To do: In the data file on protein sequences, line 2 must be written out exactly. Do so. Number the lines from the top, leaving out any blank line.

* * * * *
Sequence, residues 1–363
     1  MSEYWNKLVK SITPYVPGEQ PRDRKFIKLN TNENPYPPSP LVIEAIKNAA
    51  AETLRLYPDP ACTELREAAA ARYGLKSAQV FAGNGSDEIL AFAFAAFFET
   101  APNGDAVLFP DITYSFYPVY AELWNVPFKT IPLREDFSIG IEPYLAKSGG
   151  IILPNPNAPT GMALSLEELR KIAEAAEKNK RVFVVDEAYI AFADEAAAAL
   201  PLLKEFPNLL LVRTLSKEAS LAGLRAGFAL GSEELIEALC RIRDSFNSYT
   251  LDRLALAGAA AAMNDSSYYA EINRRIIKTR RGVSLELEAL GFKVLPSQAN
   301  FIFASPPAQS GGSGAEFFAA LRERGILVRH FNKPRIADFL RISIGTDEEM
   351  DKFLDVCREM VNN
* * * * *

     1  MSEYWNKLVK SITPYVPGEQ PRDRKFIKLN TNENPYPPSP LVIEAIKNAA